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Microsoft delivers robust profit, but shares take a hit

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Microsoft said Wednesday it swung to profit in the past quarter on gains in cloud computing and business services, but shares took a hit on disappointing revenue growth.

[WASHINGTON] Microsoft said Wednesday it swung to profit in the past quarter on gains in cloud computing and business services, but shares took a hit on disappointing revenue growth.

The US tech giant said profit was US$8.4 billion in the fiscal second quarter to December 31, compared with a loss in the same period a year ago on funds set aside for one-time charges,

Revenues in the period rose 12 per cent to US$32.5 billion, Microsoft said in results a shade below most market forecasts, prompting a drop of some 3.5 per cent in after-hours trade.

Chief executive Satya Nadella said Microsoft continues to see gains from its cloud services after having shifted away from many of its consumer offerings.

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"Our strong commercial cloud results reflect our deep and growing partnerships with leading companies in every industry including retail, financial services and healthcare," Mr Nadella said.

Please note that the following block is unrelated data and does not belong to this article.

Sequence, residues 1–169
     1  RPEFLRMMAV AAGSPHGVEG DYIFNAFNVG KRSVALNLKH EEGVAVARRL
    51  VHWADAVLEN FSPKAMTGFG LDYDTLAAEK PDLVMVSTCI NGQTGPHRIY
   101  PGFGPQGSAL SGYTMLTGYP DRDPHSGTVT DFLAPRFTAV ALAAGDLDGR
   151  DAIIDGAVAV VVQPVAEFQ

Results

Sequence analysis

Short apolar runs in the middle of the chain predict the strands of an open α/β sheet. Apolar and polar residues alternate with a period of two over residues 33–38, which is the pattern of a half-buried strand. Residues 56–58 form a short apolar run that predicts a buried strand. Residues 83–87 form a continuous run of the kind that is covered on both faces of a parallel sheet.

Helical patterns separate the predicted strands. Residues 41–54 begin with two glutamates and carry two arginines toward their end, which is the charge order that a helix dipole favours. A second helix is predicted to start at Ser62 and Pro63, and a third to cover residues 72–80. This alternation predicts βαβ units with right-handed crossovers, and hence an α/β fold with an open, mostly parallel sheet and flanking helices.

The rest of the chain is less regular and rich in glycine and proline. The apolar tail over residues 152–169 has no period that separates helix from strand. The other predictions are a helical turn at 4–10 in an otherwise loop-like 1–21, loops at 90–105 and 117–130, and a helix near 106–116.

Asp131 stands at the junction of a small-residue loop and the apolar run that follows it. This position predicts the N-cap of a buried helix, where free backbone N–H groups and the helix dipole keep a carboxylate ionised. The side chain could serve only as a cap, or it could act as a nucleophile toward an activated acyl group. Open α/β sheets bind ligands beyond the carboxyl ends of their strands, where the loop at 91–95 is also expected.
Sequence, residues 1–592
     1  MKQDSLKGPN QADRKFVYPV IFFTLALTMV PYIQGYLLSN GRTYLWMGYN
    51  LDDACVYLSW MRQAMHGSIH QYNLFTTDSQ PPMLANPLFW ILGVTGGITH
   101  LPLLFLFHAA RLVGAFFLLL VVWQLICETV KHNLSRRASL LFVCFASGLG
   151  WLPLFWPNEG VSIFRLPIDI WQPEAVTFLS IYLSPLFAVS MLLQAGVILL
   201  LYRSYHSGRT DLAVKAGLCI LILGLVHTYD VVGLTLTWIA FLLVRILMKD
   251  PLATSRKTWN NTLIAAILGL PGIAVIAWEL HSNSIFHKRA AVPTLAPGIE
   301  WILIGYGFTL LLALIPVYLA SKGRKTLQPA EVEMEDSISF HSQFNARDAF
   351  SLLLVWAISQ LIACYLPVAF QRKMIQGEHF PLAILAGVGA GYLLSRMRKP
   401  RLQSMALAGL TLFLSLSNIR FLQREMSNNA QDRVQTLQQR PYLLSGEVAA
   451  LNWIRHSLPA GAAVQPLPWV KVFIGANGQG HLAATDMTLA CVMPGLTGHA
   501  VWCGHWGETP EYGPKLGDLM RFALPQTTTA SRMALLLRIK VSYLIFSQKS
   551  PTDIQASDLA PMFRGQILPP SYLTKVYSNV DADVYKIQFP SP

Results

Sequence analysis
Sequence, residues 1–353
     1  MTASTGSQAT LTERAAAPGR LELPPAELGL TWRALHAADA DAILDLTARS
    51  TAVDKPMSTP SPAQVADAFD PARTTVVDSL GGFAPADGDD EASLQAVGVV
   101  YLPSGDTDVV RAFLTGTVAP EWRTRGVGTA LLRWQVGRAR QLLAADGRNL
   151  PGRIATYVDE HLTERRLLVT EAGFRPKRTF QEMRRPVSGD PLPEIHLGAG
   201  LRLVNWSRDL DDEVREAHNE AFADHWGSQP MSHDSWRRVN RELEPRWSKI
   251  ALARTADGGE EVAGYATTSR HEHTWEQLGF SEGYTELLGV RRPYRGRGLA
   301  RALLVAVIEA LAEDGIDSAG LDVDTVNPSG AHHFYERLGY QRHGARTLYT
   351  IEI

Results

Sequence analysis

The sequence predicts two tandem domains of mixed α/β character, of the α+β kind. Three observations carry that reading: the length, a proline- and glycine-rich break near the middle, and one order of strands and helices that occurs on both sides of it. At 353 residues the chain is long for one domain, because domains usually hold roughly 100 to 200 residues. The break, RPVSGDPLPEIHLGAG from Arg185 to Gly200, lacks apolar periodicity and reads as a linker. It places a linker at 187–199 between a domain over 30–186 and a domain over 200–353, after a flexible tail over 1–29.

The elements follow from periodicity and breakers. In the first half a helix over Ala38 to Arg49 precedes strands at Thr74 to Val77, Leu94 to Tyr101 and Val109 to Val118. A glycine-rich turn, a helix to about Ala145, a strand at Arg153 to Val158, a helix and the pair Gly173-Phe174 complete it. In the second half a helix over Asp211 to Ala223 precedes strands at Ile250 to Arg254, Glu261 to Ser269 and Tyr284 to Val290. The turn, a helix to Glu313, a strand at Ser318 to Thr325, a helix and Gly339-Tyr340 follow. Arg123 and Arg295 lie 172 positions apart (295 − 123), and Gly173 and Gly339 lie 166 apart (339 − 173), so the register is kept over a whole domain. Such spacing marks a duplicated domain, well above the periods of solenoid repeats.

"We are delivering differentiated value across the cloud and edge as we work to earn customer trust every day."

The transformation of Microsoft has brought it back to the ranks of the world's most valuable companies after years of lagging behind the likes of Apple and Google.

Microsoft ended the day in a virtual tie with Amazon, with a market valuation of more than US$800 billion for each of the companies.

Microsoft said revenues rose 11 per cent from a year ago for its Office commercial software and cloud operations, and one percent for the Office consumer versions.

LinkedIn, the professional social network acquired by Microsoft in 2016, saw a 29 per cent jump in revenues and "record levels of engagement."

Revenues jumped 20 per cent for Microsoft's "intelligent cloud" services, the business and artificial intelligence unit that has become a core for the company.

The company saw a five per cent drop from revenue in Windows, the dominant software for personal computers, but a 39 per cent gain from Surface, its hardware division that makes tablets and other devices.

Gaming revenue edged up eight per cent led by Xbox software and services growth and search advertising saw a 14 per cent gain in revenues.

AFP